The Barra ended at the North end with rocks jutting out into the Atlantic and just this side of the rocks was a fresh water stream flowing into the ocean. I discovered that oyster grew in the brackish water on those rocks–that provided me with an idea. I swam across the little river with each of the children on my back, one at a time. With a tire iron, we pried the oysters from the rocks, cracked them open and ate them right there. Nothing fresher! Doris was happy to watch from the other side and if any of us wanted more fresh oysters they were for sale along the road away from the beach.

Hotels now line the Barra’s water edge and extend blocks away towards the mountains. I imagine the waves may still be stronger, the wind more brisk and the waters cooler than the other beaches we visited. I pause and I see this beach we enjoyed the most. Our family is there once more; our children are playing in the surf or building castles in the sand. But this I know–neither our family nor Rio will ever return to what it was once. Yet the city of Rio will always be what it has been–the most beautiful city in the world.

Our family came to know a lot about Rio for we were there attempting to plant a church in a suburb. We might better have put our efforts into a less affluent area or begun with a larger nucleus of folks committed to this project. Still I trust God that we blessed some lives with the Gospel message.

All is changed now in Rio.  Hundreds of new churches now minister there, many reaching up the hillsides to the poor in those terrible slums. Even the national magazine O Cruzeiro wrote up the story a few years ago of the transformation these churches are bringing to Brazil. That reminds me of the Scripture that says, “If any man be in Christ he becomes a new person.”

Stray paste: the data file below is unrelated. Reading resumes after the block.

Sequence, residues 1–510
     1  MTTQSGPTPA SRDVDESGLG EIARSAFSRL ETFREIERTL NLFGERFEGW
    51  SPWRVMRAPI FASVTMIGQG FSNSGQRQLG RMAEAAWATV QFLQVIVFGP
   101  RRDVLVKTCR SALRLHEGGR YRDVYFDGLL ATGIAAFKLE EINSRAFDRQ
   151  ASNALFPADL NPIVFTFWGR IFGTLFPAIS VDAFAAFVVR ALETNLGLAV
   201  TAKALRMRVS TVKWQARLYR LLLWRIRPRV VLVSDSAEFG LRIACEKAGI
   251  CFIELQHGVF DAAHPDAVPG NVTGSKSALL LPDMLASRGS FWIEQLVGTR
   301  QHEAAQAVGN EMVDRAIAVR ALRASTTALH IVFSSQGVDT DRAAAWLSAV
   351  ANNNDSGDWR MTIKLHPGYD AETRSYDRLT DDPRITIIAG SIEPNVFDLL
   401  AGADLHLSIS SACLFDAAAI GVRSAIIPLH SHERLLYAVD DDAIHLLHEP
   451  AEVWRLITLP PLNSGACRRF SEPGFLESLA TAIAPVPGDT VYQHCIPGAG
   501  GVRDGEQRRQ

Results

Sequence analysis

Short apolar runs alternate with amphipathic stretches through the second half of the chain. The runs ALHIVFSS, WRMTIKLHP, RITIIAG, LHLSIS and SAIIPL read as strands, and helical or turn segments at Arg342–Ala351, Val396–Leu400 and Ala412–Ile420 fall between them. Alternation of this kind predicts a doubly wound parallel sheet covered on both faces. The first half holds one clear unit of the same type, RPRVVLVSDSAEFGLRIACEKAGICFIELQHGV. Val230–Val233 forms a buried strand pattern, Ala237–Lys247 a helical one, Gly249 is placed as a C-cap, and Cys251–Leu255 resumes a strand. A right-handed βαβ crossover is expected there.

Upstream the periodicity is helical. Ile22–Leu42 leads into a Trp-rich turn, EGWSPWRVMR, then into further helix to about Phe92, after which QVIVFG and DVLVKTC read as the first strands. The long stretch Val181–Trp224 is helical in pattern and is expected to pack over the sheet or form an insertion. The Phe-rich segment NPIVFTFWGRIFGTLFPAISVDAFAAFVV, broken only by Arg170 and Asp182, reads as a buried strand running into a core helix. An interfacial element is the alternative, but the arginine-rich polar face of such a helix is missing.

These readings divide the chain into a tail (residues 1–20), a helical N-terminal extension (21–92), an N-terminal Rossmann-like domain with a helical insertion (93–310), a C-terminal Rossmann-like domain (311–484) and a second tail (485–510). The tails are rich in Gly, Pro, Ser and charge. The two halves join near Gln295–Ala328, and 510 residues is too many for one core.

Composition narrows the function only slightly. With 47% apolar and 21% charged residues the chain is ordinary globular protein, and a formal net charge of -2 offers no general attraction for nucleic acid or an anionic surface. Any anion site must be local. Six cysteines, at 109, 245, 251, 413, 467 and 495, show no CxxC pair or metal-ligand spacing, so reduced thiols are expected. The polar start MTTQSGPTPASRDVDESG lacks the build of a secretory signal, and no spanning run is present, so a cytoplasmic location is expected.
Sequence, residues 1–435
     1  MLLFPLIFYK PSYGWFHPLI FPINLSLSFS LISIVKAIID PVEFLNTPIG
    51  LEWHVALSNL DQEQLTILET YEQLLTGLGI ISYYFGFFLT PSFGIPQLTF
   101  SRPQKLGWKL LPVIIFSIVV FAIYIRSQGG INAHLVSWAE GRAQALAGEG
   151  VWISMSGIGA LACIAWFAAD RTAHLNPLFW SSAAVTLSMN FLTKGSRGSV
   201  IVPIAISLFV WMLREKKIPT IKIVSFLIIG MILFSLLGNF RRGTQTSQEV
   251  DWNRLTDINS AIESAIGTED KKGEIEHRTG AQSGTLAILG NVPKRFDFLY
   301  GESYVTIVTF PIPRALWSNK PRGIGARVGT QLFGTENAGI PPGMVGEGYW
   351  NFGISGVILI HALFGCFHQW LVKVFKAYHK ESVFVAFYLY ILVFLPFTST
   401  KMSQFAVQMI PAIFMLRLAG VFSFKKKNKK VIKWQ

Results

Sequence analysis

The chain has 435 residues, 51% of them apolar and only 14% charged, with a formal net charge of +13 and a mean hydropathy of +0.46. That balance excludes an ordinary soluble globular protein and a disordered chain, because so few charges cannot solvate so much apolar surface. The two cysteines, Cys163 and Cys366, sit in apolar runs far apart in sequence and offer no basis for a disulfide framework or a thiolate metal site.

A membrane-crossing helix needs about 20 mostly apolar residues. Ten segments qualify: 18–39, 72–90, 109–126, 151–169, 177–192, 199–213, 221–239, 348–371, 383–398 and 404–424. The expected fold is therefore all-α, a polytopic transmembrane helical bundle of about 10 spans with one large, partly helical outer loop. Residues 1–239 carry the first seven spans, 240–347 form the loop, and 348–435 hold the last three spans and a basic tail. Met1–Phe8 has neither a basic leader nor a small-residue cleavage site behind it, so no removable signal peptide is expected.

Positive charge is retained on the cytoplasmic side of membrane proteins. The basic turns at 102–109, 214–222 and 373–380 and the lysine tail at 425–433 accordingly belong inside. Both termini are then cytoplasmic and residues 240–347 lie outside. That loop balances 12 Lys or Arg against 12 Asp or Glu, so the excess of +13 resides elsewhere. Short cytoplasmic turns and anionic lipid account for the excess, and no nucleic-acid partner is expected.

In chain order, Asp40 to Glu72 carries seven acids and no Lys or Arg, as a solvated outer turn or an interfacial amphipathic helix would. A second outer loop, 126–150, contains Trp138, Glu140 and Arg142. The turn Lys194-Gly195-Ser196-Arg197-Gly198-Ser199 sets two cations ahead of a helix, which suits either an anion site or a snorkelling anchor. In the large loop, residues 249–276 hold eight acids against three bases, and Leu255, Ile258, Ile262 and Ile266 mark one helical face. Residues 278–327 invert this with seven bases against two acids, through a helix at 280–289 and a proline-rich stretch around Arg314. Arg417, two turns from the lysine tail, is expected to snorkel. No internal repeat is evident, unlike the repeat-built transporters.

She Stood Beside Me

“Things are not to be done by the effort of the moment, but by the preparation of past moments.” Cecilk

Life often lives itself over and over in my mind. Pictures may blow in when I turn a corner in the road, hear a long-forgotten phrase or visit stories while half-awake. For me history comes alive when I scroll through pictures taken in Brazil long ago. I must tell you about the stories that cascaded in with a picture of my wife Doris.

I’ve seen Doris so many times with an accordion on her shoulders standing in front of a dozen children. Believe it or not, as I listen carefully I can hear the music and the children. The place might be the small hall in the interior of the State of São Paulo in a village called Neves Paulista.

What was Doris doing there in the middle of coffee country where some farms had a million bushes? And why was she there in this little village where every building had a rose tint built over time by the dust stirred up from the red dirt of the streets? She was one of the strange Canadian family who were so foreign that when one walked down the street, conversation stopped and heads turned to follow their steps?

This was a church planting project–Doris in the back row with another missionaries visiting from Paraguay. 

The obvious reason is that Doris was there because I was there. But there’s more. Her plan was to be somewhere in Brazil before arriving at the São Paulo airport. As I think of that  I see scene unfold

picture. Doris was doing more than teaching children about the Christian faith. She had the big goal of building lives that would be successful because they were grounded on confidence in Jesus as Lord.

At this moment I want to tell you a bit about her talents and work for the Kingdom of Jesus. I wonder at times if I’d have been any benefit to anyone in Brazil if it had not been for her.